The multi-artist album in hip-hop has a pretty short history. It also has a pretty shitty history. As evidenced by the two terrible R. Kelly/Jay-Z teamup albums, getting together for an album-length collaboration is generally not the greatest idea. With memories of “Best of Both Worlds” in my head, I wasn’t even going to purchase “Distant Relatives”, the album that teams veteran rapper Nas with the son of the late Bob Marley, Damian, also known as “Jr. Gong”. It wasn’t until I read a comment on this very blog that I decided the album might be worth my money.
Boy, was “Distant Relatives” ever worth my money.
Nas, whose albums are frighteningly inconsistent, has the eye of the tiger on this album. What’s more, Marley (who produced the entire album himself), gives Nas the most sympathetic production the 36-year old rapper has had since his 1994 debut, “Illmatic”. Instead of giving “Distant Relatives” a throwback boom-bap sound or attempting to match the songs up with today’s latest beatmakers, Marley mixes a live-band sound (acoustic guitars! congas! do i hear a horn section?? a STRING section??) with the occasional sample. As important, the individual songs (and the album itself, really) center around a specific theme: the result is one of Nas’s most focused, personal and legitimately politically and socially conscious works. Heady praise for an artist who has often by criticized (and rightfully so) for delivering unclear, hypocritical or nonsensical messages in his rhymes.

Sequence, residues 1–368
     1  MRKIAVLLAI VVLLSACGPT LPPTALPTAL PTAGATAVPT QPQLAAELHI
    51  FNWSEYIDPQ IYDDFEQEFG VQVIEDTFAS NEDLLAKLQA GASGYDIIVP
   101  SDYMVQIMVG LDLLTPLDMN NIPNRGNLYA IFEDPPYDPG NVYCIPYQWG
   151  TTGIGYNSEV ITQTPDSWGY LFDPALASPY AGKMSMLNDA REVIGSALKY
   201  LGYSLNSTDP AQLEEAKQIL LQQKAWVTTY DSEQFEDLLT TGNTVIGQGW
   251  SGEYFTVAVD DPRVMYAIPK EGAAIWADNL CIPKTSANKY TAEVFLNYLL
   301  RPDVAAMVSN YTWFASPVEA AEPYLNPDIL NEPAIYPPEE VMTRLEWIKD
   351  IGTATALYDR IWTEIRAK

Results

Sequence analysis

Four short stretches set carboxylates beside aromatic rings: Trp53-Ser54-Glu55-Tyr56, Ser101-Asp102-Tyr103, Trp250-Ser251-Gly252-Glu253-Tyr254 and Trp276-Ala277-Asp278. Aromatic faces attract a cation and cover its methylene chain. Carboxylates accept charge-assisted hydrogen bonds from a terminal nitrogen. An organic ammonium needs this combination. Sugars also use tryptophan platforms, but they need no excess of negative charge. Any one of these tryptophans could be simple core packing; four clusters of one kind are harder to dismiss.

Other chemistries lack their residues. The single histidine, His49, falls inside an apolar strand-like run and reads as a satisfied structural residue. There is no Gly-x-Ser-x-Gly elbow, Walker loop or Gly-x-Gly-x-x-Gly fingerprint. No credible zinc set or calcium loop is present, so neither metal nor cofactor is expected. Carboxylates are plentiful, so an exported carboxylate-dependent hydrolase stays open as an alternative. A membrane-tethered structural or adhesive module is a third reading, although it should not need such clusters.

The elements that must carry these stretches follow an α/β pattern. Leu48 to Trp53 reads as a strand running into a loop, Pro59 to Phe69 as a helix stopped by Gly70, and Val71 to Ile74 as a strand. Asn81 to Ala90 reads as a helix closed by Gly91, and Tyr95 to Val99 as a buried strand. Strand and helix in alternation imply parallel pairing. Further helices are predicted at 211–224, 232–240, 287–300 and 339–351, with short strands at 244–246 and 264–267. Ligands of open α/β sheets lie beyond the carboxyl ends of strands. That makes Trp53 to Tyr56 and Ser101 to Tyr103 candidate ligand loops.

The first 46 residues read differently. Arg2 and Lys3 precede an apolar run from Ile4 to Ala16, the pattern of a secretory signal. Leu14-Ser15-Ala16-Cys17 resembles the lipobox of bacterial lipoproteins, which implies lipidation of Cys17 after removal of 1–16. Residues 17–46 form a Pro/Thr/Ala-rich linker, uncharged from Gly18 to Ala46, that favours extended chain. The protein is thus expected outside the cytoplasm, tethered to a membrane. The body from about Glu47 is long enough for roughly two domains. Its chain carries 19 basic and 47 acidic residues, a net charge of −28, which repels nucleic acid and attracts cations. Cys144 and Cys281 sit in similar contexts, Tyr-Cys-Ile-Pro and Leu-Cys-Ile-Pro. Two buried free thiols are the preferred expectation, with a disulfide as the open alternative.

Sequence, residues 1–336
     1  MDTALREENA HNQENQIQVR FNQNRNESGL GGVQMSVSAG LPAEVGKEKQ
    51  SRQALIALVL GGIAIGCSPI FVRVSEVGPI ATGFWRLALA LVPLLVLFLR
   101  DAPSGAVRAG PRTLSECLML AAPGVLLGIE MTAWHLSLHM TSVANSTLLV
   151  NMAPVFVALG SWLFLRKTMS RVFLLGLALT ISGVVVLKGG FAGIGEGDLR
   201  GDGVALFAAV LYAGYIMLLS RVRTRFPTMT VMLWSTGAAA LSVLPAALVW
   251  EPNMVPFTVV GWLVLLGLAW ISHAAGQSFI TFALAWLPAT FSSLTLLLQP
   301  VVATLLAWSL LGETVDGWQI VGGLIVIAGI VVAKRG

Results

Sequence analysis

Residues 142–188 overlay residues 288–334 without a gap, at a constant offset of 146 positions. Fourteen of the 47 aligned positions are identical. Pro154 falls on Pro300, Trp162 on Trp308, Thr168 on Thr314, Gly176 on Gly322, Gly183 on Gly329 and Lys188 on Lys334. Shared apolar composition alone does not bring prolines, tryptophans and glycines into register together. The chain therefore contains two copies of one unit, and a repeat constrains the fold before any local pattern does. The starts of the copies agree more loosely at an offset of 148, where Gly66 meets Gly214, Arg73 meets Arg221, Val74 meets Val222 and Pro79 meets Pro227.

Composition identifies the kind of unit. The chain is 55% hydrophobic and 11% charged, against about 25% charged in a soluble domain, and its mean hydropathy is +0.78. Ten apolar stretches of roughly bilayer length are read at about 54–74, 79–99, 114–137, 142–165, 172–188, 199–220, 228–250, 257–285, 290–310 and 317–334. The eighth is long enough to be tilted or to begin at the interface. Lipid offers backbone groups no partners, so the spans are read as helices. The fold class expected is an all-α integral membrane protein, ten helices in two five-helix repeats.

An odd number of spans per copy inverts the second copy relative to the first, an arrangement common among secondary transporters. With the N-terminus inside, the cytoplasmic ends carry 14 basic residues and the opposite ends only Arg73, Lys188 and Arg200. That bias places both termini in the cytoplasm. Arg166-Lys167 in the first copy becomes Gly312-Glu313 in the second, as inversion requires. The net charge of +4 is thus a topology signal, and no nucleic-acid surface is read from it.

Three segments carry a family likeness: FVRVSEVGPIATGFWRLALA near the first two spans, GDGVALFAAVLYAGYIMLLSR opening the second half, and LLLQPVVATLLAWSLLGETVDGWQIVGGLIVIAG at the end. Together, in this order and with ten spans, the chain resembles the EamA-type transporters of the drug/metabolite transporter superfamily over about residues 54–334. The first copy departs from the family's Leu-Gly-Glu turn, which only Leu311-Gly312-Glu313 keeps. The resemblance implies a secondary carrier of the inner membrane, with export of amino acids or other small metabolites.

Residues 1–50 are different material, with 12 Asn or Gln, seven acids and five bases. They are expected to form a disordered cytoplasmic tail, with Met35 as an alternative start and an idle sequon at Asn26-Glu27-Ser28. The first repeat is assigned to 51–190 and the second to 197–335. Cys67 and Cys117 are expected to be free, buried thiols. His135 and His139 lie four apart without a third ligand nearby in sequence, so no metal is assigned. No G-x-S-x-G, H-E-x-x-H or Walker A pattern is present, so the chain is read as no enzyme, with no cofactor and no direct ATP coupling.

The highlights here are plentiful. An obviously burnt Nas vents his spleen at ex-wife Kelis on the triumphant “Strong Will Continue”, first single “As We Enter” is a showcase for the chemistry the two men share. “Count Your Blessings” (the musical background of which would fit perfectly on a Jack Johnson album) is positive without being corny, and also serves as an open letter to Nas’s newborn son Knight. Even the guest appearances (generally the most head-scratching part of the average album) are tastefully chosen. Marley’s brother Stephen makes a couple of appearances here, as does Somalia-born emcee K’naan (a smart move considering how much of “Distant Relatives” centers on the topic of Africa past, present and future). Even the requisite Lil Wayne cameo (on the children’s choir and Joss Stone-assisted “My Generation) feels like it actually belongs on the album.
No matter what the genre, in this ego-filled age it’s very rare to see two artists put their collective egos aside for a project. “Distant Relatives” strongly hints at the direction both men should be going into from a topical and a musical perspective as they mature. The merging together of these two talents creates a powerful work that Bob himself would have been proud of.
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